# Colloquium Abstracts Fall 2023

Abstracts will be posted here for the colloquium talks when they are available.

## Gábor Székelyhidi

Northwestern University

September 14, 2023

*Singularities of the Lagrangian Mean Curvature Flow*

The Lagrangian mean curvature flow is conjectured by Thomas-Yau and Joyce to, roughly speaking, decompose a Lagrangian in a Calabi-Yau manifold into a union of special Lagrangians. I will give an introduction to this conjecture, and discuss some recent progress, in joint work with Jason Lotay and Felix Schulze, analyzing the behavior of the flow near certain singularities.

## Ruobing Zhang

Princeton University

September 21, 2023

*Moduli Space of Einstein Metrics: Topology, Analysis, and Metric Geometry*

The geometry of Einstein manifolds has been a central topic in differential geometry. This talk concerns the structure of moduli space of Einstein metrics and its compactification, with a focus on how Einstein metrics can degenerate. We will introduce recent major progress and propose several open questions in the field.

## Ziquan Zhuang

John Hopkins University

October 5

*Stable Degeneration of Singularities*

A theorem of Donaldson and Sun says that the metric tangent cone of a smoothable Kähler–Einstein Fano variety underlies some algebraic structure, and they conjecture that the metric tangent cone only depends on the algebraic structure of the singularity. Later Li and Xu extend this speculation and conjecture that every Kawamata log terminal singularity (a singularity class in birational geometry) has a canonical “stable” degeneration induced by the valuation that minimizes the normalized volume. I will talk about some recent works around the solution of these conjectures. Based on joint work with Chenyang Xu.

## Robin Young

University of Massachusetts

October 6

*The Nonlinear Theory of Sound*

We prove the existence of nonlinear sound waves, which are smooth, time periodic, oscillatory solutions to the compressible Euler equations, in one space dimension. In the mid-19th century, Riemann proved that compressions always form shocks in the simpler isentropic system, which is inconsistent with sound wave solutions of the (linear) wave equation. We prove that for generic entropy profiles, the fully nonlinear compressible Euler equations support perturbations of the linearized solutions for every frequency. This shows that Riemann's result is a highly degenerate special case and brings the mathematics of the compressible Euler equations back into line with two centuries of verified Acoustics technology. This is joint work with Blake Temple.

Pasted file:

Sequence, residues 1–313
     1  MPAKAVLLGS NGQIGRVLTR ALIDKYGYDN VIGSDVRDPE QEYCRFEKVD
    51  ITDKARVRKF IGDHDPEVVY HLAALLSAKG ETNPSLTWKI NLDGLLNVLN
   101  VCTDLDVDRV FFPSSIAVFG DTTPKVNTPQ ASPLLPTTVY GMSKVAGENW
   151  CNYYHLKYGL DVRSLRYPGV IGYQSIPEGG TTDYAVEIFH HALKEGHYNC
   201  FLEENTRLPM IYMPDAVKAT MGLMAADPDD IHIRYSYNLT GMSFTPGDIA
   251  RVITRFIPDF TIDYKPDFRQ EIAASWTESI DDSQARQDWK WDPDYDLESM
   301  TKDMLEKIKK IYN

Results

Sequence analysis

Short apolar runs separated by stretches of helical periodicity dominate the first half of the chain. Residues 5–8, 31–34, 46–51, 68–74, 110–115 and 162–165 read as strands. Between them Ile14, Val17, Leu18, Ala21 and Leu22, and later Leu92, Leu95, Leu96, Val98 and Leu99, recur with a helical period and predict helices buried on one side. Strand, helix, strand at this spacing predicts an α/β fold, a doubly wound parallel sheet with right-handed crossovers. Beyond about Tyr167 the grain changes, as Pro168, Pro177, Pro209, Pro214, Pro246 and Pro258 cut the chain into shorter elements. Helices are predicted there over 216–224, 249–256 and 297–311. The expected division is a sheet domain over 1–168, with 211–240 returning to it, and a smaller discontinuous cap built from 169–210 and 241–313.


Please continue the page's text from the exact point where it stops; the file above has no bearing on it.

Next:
## Mohammad Tehrani

University of Iowa

October 12

*On Compactifications of SL(2,C) Character Varieties*

Consider an algebraic reductive Lie group G and a finitely generated group P. Let X_P(G) denote the moduli space of G-representations of P up to conjugation with elements of G. A special case of interest is X_{g,n}(SL(2,C)), where G = SL(2;C) and P is the fundamental group of an n-punctured genus g surface. This case has been extensively studied and lies at the intersection of many interesting subjects.

It is well-known that X_{g,n}(SL(2;C)) is a quasi-projective affine variety of complex dimension 3(2g + n-2), admitting a natural fibration over C^n with HyperKahler fibers. Various compactications of X_{g,n}(SL(2,C)) and other related moduli spaces can be found in the literature, including those related to Teichmuller space, Hitchin moduli spaces, and Fock-Goncharov A and X moduli spaces.

This talk delves into complex projective compactifications driven by Mirror Symmetry and P=W conjecture. We introduce a class of projective compactifications determined by ideal triangulations of the surface and provide explicit results on the boundary divisors. Notably, we confirm a well-known conjecture asserting that the boundary complex of any positive dimensional relative character variety is a sphere. I will discuss a few examples. This work is part of an ongoing collaboration with Charlie Frohman.

## Xuan Wu

University of Illinois Urbana-Champaign